In 1989 there was revolution in the air: from the crumbling wall in Berlin and acts of civil resistance throughout the Eastern bloc right down to protest in Tiananmen Square. Although this last act didn’t manage to affect any real and durable change in China, it did produce iconic images of civil disobedience which inspired other revolts and revolutions.
The Romanian Revolution of December 1989 took place under a spell of violence, ending with a short two-hour televised trial and execution of their dictator Nicolae Ceauşescu. The major components that history has placed at the root of these events were: 1. The suffocating and ever-present secret police (Securitate) bent on annihilating any subversive element. 2. A rigid austerity program which caused frequent power outages and shortages of food, clothes and electricity, primarily because the government would exchange these goods for foreign currency. 3. Grand projects of self-glorification set up by Ceauşescu, which only fueled resentment among his people.
During the upcoming festival, Impakt will screen Videogramme einer Revolution by Harun Farocki and Andrei Ujica, from 1992, featuring among other footage, images of demonstrators occupying and broadcasting from the television station in Bucharest.
The act of occupying the television station and broadcasting continuously for 120 hours stands in stark contrast to what was the norm during the Ceauşescu regime, which would only broadcast for two hours a day on the country’s only channel. It is an image that speaks to the fantasy of a nation starved for attention and desiring a voice in the world. On a first viewing it might look a lot like what might occur when a camera crew is filming on a street and a random passerby jumps and gesticulates in the background hoping for his ’15 minutes.’ However, the events were far more dire. It is the record of a country crying out for bread and television.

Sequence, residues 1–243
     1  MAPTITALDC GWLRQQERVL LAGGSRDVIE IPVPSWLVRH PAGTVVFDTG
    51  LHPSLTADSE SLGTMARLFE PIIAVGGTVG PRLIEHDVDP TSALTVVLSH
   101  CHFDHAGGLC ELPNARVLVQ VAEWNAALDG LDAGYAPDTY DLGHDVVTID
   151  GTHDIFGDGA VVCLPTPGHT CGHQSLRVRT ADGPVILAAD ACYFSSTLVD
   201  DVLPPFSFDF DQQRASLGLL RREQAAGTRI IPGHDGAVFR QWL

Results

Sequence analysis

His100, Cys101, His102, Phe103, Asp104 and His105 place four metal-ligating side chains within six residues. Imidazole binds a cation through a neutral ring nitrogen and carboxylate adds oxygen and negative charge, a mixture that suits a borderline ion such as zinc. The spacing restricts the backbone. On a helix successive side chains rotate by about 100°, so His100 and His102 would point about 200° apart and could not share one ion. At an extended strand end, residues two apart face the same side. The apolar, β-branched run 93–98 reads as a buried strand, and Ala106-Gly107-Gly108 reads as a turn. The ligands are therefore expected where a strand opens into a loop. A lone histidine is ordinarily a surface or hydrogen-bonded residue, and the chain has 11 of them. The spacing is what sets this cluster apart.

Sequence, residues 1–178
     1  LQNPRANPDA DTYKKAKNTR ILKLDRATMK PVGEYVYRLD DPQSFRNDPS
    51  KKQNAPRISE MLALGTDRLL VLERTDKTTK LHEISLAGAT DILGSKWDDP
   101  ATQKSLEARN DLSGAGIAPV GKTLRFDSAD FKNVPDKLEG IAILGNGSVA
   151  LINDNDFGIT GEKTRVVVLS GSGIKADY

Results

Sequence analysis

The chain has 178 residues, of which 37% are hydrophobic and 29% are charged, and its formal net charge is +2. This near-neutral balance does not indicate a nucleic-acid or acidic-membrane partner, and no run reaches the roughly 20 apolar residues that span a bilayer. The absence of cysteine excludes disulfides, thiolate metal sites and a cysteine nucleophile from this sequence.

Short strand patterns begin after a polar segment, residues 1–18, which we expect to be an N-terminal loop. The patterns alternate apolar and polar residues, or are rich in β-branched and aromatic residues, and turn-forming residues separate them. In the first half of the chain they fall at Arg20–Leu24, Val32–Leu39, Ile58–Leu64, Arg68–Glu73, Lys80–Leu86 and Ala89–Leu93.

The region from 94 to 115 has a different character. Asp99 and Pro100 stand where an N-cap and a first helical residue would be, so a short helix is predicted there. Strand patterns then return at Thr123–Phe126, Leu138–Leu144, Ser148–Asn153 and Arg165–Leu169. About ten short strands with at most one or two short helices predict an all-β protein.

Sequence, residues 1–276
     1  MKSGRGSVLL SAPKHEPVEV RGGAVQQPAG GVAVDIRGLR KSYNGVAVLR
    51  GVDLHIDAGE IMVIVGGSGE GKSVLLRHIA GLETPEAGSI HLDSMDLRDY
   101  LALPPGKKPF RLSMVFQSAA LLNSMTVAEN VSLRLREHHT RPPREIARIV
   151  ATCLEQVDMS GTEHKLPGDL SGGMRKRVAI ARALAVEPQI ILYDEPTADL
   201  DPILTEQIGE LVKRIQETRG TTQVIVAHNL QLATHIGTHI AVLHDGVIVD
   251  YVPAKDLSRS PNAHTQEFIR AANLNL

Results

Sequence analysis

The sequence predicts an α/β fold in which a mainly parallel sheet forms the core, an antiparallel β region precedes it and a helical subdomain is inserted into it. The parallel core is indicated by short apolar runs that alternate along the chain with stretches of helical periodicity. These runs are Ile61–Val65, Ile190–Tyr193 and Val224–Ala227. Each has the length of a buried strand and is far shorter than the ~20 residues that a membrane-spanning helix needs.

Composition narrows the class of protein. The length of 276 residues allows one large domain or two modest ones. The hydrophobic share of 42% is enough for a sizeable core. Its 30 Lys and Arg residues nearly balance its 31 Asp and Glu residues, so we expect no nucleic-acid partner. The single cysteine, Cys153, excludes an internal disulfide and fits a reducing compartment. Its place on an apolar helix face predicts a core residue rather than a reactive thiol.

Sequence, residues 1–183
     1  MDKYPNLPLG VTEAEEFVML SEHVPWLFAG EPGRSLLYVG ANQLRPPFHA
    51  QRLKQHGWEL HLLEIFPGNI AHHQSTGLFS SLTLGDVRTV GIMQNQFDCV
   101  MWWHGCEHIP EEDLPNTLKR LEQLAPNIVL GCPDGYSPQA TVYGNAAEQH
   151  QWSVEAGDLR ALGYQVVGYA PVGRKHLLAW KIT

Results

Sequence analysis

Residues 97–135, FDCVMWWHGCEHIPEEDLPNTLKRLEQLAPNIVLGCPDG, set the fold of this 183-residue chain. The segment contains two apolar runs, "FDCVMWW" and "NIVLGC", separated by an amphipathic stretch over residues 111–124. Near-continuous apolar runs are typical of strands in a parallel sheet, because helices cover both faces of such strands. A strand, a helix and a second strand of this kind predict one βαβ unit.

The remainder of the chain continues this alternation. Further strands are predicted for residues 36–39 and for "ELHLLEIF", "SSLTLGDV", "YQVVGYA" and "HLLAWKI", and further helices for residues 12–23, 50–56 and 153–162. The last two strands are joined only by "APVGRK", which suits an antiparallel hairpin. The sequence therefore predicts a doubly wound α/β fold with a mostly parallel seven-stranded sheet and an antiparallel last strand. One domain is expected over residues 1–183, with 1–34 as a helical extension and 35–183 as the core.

Videogramme einer Revolution shows the metamorphoses of a peoples moving from the realm of the oppressed mute masses to the joyous anarchy of a broadcasted revolution, however short-lived the revolution may be. There seems to be a similar mood currently, on a live stream, going on around the world of revolution and civil disobedience.
The most notable parallel are the recent events in Libya. The parallels between Ceauşescu and Gaddafi are rather overwhelming; not only did both turn violently against their own people, both were received and lauded by the major players on the world stage before their people turned against them. And finally both received a quick end, shrouded in a mist of injustice and possible conspiracy. So much so that there are still stories written about the possibility of the peoples revolution in Romania actually being a coupe orchestrated by power hungry political rivals of Ceauşescu. Only time will tell if the same abundance of conspiracy will be directed toward Gaddafi, but what is already clear is that conflicting stories exist regarding his death.
Come and see if you can find these parallels and others between Romania 1989 and Libya 2011 in these Videograms, going to be screened on November 6th. Or just come to see this testament of history.